Teachers’ paradox (part one)

Alishia Bhatia, Guest Contributor

As the people that contribute the most to the economy, teachers are woefully underpaid.

Just like the universal laws of physics are understood to be all encompassing, the basic rules of economics are said to be forever cemented and unchanging. What comes up must come down. When supply increases, demand decreases. Matter is conserved. Investment must be returned.

Yet somehow, at the greatest investment into our society, teaching, the laws of economics break down. Teaching becomes a black hole – matter isn’t conserved, what goes in, stays in.

The ability to pass on knowledge and use it to develop a seamlessly interdependent society is the cornerstone of Homo Sapiens’ self-proclaimed high status. It is the best economic investment to our society, yet it is treated as a bust. While more time sensitive providers like doctors may provide the immediate tools to survive, these professionals would not exist without teachers. Moreover, every facet of today’s working society, from banker to architect to author, would not exist without the tools high school teachers provide.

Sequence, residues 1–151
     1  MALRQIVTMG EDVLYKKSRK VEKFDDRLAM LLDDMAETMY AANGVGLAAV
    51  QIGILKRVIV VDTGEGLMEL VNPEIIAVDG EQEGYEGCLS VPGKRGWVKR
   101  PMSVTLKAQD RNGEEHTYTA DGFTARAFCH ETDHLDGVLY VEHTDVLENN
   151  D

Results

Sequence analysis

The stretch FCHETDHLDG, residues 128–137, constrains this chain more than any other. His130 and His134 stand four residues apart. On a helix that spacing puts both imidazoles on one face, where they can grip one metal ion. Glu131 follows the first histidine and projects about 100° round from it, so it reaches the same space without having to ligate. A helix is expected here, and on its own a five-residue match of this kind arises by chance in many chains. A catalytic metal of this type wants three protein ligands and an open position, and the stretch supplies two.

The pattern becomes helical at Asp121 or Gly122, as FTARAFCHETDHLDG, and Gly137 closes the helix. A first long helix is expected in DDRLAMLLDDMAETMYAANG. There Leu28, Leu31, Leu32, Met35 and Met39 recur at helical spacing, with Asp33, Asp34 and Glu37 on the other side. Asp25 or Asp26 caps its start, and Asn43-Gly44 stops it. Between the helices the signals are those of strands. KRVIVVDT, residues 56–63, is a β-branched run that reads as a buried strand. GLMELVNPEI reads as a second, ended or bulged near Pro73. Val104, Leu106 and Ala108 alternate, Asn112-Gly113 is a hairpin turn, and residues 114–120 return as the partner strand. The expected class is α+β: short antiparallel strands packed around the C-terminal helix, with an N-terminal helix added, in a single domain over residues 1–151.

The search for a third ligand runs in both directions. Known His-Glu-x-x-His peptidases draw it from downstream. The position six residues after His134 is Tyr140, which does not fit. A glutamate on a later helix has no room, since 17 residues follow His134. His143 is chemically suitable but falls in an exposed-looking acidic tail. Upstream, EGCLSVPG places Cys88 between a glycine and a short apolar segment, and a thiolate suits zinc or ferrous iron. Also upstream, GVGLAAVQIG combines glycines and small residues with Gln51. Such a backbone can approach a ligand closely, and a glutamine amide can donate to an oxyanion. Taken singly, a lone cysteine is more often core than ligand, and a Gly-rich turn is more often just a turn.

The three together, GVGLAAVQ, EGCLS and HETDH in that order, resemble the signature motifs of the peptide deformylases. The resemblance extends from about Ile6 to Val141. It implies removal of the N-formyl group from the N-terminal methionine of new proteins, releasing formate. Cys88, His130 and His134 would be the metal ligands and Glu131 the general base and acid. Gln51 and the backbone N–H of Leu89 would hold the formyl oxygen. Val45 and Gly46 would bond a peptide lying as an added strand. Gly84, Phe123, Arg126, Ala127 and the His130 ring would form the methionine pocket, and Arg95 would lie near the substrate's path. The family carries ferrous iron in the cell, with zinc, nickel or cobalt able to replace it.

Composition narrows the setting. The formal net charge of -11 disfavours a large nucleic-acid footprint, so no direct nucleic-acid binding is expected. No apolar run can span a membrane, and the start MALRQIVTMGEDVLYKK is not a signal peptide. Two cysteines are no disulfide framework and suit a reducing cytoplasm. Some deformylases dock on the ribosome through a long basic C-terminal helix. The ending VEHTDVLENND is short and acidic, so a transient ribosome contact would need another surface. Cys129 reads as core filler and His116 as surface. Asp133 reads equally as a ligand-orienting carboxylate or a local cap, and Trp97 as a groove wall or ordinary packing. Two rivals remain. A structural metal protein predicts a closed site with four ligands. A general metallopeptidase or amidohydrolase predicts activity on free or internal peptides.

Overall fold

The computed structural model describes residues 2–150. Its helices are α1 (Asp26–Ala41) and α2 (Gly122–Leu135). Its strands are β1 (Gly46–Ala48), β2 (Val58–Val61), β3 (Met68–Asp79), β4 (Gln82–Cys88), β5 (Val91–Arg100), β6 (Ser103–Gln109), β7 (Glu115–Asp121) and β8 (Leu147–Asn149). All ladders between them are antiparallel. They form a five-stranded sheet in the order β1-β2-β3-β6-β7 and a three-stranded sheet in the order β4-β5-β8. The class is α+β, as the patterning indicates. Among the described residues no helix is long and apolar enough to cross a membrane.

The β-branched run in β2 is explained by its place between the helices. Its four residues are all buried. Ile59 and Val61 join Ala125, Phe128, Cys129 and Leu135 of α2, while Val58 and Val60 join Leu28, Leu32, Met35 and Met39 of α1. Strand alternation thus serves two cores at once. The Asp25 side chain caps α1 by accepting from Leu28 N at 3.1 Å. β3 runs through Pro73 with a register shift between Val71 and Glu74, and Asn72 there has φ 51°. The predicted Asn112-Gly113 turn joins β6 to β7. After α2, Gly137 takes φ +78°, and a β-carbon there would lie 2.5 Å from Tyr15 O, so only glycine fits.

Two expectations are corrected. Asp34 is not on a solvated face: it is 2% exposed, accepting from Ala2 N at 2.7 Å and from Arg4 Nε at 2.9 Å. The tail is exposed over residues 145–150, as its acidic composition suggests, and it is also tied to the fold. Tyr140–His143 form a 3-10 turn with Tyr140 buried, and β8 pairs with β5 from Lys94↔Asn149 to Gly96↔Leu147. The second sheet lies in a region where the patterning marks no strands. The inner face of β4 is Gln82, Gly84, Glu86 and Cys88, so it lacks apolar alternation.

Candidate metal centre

Yes, it is unlikely that the Louisiana Purchase or Newton’s 2nd Law will come up in adult life, but the challenging task of applying one’s self and learning how to solve unfamiliar problems definitely will. It’s what is necessary for a functional civilization, but this ability is neither innate nor randomly gained with age.

Remove teachers from the equation, and you have an inexperienced society with the mental capabilities and experience of newborns. Without the passing of knowledge, we might as well be our ancestral Neanderthals. In fact, this is the very thing that separates us from common hominids – the ability to share information.

So why, then, is this profession treated the way it is?